VOL. 129 | NO. 153 | Thursday, August 7, 2014
Lawsuit Over Sale of Nineteenth Century Club Dropped
By Amos Maki
The Union Avenue building that once housed the Nineteenth Century Club could soon meet the wrecking ball.
The suit over the sale of the Nineteenth Century Club property has been dropped, paving the way for the deteriorating mansion on Union Avenue to be razed.
(Daily News File/Andrew J. Breig)
Plaintiffs seeking to stop the planned demolition of the once-stately mansion have dropped their appeal of a lawsuit challenging the legality of the sale of the property, removing a major obstacle to the property's proposed redevelopment.
Attorneys representing the plaintiffs said multiple attempts to find a buyer who would preserve the building failed, leaving them no choice but to drop the appeal.
“While we continue to believe we have a strong legal case that the 2013 sale of the building was invalid, we no longer have a buyer for the property, so a victory on appeal could prove to be a hollow victory,” said attorneys Steve Mulroy and Webb Brewer in a statement. “It is our continuing hope that the building be saved.”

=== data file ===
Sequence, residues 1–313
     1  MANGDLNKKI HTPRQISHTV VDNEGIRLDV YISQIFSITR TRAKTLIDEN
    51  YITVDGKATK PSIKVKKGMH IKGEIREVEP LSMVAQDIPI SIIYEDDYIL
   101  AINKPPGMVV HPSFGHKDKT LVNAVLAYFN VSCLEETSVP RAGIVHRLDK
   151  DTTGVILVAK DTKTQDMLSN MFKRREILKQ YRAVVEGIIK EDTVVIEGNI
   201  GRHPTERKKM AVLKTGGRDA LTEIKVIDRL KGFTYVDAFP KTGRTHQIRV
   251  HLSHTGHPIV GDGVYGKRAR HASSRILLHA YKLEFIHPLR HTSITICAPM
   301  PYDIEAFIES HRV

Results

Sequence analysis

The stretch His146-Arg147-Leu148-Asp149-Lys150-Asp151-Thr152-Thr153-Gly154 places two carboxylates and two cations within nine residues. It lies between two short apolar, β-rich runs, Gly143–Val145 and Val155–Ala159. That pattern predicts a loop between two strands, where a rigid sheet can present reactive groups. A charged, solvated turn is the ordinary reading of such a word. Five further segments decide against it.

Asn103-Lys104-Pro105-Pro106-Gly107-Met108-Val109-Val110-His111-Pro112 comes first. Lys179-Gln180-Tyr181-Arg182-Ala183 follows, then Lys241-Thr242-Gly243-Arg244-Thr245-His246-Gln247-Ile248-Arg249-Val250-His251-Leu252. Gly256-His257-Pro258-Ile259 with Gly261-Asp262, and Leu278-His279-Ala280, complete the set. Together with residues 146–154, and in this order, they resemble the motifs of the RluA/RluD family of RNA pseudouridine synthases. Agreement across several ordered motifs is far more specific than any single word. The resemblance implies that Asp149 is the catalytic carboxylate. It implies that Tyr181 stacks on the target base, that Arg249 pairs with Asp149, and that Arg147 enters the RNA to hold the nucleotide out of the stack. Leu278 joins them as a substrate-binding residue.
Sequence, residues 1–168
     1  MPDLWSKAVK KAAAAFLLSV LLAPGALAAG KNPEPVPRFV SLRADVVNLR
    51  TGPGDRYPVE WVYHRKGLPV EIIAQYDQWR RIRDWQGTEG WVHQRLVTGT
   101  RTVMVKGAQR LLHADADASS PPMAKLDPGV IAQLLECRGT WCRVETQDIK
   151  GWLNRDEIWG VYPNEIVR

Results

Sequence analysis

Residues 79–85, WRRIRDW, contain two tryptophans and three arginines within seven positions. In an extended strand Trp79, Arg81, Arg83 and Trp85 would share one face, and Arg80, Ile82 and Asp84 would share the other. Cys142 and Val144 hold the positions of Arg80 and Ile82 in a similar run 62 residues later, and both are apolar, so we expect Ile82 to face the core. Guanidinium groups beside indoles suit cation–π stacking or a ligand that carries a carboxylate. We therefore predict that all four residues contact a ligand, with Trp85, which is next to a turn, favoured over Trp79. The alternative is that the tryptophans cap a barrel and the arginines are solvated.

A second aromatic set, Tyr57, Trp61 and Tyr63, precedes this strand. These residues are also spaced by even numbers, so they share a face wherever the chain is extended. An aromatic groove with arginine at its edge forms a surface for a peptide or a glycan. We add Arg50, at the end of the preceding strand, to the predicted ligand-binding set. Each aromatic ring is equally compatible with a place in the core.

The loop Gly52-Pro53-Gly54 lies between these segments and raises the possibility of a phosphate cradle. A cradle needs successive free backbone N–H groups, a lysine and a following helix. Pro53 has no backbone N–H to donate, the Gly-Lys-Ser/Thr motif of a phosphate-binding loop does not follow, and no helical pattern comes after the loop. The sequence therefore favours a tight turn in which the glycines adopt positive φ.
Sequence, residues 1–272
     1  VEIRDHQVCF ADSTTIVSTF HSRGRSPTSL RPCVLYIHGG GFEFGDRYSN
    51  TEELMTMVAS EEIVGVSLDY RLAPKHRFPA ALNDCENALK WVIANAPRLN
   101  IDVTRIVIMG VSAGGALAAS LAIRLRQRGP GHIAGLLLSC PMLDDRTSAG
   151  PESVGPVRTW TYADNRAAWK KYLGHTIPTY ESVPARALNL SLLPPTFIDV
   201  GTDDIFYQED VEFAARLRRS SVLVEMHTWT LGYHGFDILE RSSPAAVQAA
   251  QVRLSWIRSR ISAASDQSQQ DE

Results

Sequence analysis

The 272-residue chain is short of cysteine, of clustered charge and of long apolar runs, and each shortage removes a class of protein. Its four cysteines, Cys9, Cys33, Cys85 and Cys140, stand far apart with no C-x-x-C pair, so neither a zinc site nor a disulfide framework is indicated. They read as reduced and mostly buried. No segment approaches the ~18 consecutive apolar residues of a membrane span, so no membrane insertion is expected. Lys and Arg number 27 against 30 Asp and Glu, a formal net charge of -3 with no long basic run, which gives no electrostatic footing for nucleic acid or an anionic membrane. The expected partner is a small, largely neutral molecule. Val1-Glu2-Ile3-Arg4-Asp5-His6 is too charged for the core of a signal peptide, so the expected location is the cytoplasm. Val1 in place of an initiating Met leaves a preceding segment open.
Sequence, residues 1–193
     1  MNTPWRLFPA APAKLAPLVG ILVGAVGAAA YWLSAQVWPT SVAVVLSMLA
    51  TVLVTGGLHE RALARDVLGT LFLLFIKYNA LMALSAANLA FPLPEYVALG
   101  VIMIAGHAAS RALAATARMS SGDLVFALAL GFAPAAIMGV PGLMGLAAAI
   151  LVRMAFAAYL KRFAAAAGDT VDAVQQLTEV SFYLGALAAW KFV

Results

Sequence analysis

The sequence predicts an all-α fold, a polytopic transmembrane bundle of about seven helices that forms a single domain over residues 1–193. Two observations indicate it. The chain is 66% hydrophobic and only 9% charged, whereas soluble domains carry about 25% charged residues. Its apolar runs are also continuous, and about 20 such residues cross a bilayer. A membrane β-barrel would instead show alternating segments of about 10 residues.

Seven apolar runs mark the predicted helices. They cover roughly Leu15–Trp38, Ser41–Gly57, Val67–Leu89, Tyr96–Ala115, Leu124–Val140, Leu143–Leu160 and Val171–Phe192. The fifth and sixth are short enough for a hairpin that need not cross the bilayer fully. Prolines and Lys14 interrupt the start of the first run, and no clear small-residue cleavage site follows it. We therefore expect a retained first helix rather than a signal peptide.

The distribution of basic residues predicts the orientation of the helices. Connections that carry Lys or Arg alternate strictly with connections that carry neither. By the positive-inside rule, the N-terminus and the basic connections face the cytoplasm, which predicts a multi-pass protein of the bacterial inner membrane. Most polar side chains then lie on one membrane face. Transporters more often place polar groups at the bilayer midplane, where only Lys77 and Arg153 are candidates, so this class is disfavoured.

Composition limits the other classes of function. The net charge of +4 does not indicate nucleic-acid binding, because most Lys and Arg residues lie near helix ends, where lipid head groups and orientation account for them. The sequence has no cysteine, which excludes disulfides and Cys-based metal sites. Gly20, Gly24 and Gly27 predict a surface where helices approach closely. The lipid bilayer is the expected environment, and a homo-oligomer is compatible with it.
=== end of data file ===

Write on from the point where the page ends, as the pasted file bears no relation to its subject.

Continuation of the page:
The plaintiffs were appealing a Chancery Court decision declaring the sale valid and permitting the demolition of the mansion to make way for a retail shopping center.
The regal but decaying property on Union was built in 1907 by Rowland Jones, a Memphis lumber king.
In 1926, the 15,813-square-foot house was acquired by the Nineteenth Century Club, a philanthropic women’s organization.
The Union Group LLC acquired the property for $550,000 in 2013 after winning a competitive bidding process, beating out a group that offered $350,000 and wanted to turn the property into a women’s business center. Proceeds from the sale went to the Children's Museum of Memphis.